Skip to comments.Jim Bakker dreams big in Missouri (same thing different place)
Posted on 02/19/2008 11:58:44 AM PST by Between the Lines
BLUE EYE, MO. • Forgive them for gawking. They were not expecting this.
"It’s a little like Disneyland," one stunned visitor says.
"A miracle," says another. "It is God’s work."
They stand surrounded by a surreal indoor streetscape of Italianate store facades and condo balconies. A grand chapel sits at one end and a portico at the other, the entire color-bursting scene playing out under a ceiling painted like a cloudless blue sky. It looks so real one woman decides to keep her coat on.
This is even more than Jim Bakker promised them. For months they had heard Bakker on his TV show touting his impending move here. Bakker, the disgraced TV minister of PTL-and-Tammy-Faye fame, said the day was coming when he would no longer broadcast his bare-bones show from inside a converted restaurant in nearby Branson, as he had for five years. He talked about moving to a sprawling complex being built for him as the new headquarters for his television ministry, the heart of a 600-acre development named Morningside.
That day is here. The debut of "The Jim Bakker Show" from Morningside is one hour away. Visitors pour in. Construction dust floats in the air. Backstage, Bakker waits. His shot at redemption approaches.
What a stunning reversal of fortune for a man who fell so spectacularly in the late 1980s when his $129 million-a-year religious empire crumbled; prison time and personal shame followed. A return to the airwaves seemed impossible.
Yet no one here tries hiding Bakker's past. They openly acknowledge the striking similarities between Morningside and Heritage USA, the Christian theme park and resort in South Carolina that was the linchpin of the PTL empire. Bakker designed both, giving them the feel of dense European villages. Real estate, once again, is part of the mission.
(Excerpt) Read more at stltoday.com ...
Link: to Morningside's website
I thought Bakker was dead.
You can’t keep a good scam down. ;)
You can fool all of the people some of the time. Some of the people all of the time. But you can’t fool all of the people all of the time.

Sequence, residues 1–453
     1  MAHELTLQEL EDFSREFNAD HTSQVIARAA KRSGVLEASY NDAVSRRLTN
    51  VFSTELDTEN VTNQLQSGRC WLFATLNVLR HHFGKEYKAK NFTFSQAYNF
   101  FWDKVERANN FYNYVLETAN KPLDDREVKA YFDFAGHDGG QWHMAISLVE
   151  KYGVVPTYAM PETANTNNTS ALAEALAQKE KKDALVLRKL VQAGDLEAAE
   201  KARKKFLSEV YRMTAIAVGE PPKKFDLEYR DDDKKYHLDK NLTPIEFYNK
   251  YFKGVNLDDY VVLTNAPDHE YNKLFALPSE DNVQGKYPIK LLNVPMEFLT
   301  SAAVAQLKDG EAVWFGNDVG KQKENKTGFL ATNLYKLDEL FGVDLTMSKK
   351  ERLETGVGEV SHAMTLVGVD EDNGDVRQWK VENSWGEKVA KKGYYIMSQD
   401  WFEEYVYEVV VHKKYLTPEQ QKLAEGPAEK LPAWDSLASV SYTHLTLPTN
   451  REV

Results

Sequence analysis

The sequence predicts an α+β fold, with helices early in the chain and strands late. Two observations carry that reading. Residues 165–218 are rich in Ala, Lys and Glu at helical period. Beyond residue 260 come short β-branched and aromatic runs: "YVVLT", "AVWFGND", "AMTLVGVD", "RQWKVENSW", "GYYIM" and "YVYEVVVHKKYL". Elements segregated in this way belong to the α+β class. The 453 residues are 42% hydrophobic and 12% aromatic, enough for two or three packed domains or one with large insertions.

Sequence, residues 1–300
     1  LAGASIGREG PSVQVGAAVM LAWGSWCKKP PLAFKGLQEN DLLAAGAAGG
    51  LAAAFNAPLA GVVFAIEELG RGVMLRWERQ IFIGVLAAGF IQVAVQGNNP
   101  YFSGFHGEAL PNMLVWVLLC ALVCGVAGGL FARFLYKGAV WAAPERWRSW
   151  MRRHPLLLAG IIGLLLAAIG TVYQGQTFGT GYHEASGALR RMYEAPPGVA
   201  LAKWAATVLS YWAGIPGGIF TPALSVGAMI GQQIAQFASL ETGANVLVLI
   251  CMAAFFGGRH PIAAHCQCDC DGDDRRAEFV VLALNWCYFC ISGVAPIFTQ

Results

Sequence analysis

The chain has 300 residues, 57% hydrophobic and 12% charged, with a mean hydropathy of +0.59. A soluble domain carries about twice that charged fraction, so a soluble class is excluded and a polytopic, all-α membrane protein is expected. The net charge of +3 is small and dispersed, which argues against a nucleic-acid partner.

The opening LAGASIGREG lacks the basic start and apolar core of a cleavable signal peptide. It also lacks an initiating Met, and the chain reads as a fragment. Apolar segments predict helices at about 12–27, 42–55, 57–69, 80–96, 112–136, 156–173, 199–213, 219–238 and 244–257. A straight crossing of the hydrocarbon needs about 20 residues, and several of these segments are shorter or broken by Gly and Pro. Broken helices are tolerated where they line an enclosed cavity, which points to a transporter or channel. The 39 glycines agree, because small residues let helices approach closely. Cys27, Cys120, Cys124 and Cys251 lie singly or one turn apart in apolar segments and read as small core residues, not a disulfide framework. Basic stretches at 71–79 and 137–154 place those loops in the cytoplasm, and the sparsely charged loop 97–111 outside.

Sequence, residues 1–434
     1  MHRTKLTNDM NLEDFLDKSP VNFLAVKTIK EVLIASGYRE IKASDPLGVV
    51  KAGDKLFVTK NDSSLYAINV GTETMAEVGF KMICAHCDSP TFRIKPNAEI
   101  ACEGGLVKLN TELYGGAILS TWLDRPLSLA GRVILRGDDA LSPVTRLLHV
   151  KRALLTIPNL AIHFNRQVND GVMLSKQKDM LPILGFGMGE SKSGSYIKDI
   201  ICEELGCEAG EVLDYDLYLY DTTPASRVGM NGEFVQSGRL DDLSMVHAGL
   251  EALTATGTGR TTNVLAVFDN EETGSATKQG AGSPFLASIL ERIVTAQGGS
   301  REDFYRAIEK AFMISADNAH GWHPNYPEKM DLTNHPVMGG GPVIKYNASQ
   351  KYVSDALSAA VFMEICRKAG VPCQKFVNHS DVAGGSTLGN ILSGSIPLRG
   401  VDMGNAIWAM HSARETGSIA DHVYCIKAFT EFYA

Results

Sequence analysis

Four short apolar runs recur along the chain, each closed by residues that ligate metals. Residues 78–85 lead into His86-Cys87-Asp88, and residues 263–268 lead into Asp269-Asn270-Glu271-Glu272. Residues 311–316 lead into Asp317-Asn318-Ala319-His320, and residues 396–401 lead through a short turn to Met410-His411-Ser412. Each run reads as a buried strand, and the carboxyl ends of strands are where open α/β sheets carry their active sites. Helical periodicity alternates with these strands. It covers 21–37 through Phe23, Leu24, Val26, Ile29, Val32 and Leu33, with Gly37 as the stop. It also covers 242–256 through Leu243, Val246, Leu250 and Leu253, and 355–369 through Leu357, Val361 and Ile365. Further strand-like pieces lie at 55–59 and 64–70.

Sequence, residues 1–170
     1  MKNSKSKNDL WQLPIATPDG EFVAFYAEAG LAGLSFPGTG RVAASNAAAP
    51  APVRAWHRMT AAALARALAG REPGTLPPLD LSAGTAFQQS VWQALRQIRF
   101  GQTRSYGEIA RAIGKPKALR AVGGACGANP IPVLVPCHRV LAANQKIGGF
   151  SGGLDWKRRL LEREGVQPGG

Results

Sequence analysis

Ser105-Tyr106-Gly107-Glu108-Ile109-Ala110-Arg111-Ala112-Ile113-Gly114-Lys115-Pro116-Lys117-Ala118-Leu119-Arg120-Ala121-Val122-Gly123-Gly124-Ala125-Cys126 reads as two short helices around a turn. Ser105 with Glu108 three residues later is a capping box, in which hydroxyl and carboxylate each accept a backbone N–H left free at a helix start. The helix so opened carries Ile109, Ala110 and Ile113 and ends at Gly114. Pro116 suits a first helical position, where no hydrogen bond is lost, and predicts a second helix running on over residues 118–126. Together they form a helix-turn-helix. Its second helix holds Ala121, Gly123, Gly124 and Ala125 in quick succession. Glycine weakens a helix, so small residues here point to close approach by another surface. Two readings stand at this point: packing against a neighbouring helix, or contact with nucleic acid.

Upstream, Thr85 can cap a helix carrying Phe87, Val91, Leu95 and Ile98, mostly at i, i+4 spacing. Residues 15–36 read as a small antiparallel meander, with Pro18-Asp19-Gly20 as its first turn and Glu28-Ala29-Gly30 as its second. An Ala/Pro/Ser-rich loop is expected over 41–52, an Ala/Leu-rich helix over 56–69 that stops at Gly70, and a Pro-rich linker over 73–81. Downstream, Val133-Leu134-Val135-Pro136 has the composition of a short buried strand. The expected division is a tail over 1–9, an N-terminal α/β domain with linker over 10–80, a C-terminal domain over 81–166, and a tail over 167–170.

Jim Bakker is glad there are three lines to that old saying.
There’s a book by the title of “Don’t call me brother”, it is about Bakker and others like him. Well worth the time to read.
Being that he is still alive and out or prison, it seems that Jim would have corrected the spelling of his last name, hooked-up again with that prostitute he had the affair with and moved to a trailer park outside of Reno.
But, Bakker had much bigger plans than your average Ex Con.
Yeah, but, nobody’s tapping into the Zombie market. I need stats, but I think there’s potential there if you’ve been reading some of the undead threads around here.
More importantly, Zombies may still have cash in their wallets and they won’t care if I take it. Cuz they’re Zombies and all.
Tammy Faye died last year. Jim’s still kickin’.
Kicken’ and still Embezzling money from the Blue Hairs.
Oh, I liked your comment and I’m lovin’ your tag line!
Here we go again:
***Crawford estimates he has invested $25 million in the project. The development has its own sewer and water treatment plants. The main building, with the domed sky, is 200,000 square feet of mixed retail and housing. It holds 115 condos, going for $80,000 to $350,000. About 40 condos already have sold, Crawford says. He also is building single-family homes and small apartment buildings nearby; many are near completion. He hopes to have 2,000 families living here one day.
Crawford says the parallels between Morningside and Heritage USA are no accident. “It was modeled a whole lot on that. That model worked.”
Bakker is expected to move into a 2,500-square foot, 3-bedroom condo just behind the portico. Crawford plans to sell it to Bakker at cost: about $250,000. Crawford says he wants the ministry to be supported by donations, paying its own rent on its 40,000 square feet inside the Morningside complex.
“The purpose of this place is to minister to people, to make affordable living for people, for people to come for fellowship and seminars,” Crawford says.
Harriette Hursh, a retired nursing director from Wisconsin, purchased a three-bedroom home at Morningside for $300,000. Hursh, 71, was attracted by the chance to live in a Christian community. She has faith things will work out.
“A lot of people said, ‘Oh, you’re going to lose your money,’” she recalls. “I’ll trust God with that.”***
Tammi divorced Jim Bakker & married the Heritage developer Roe Messner - wonder if Lori will finish up with Crawford????? Mmmmmmmmmmm.
Kind of wish he's sell shoes or something.
Jim Bakker probably thinks that it is a Bible verse.
I think that Jim's son Jay Bakker is in charge of that ministry in his Revolution Church.
He isn't raising the money for the entire project as the article, just for his own ministry. I suppose no one believes in forgiveness. I am certainly thankful that God does.
Frankly, I’m all for the guy. I gave money to him before — and have never regretted it. And I’ll likely support him again. Seems to me he paid a pretty heavy price for having sex with a slut and overbooking his condos. As for Tammy Faye, the woman had a good heart — and lousy make-up.
Also, you were dead until Christ made you alive, so all Christians are zombies, in the esoteric understanding. "It is no longer I who live, but Christ lives within me."
Wait a minute. That makes you a pod person...
No, this is the first I have ever heard of that. I did a search on the web and could found no references of it either. Perhaps you could help me find it?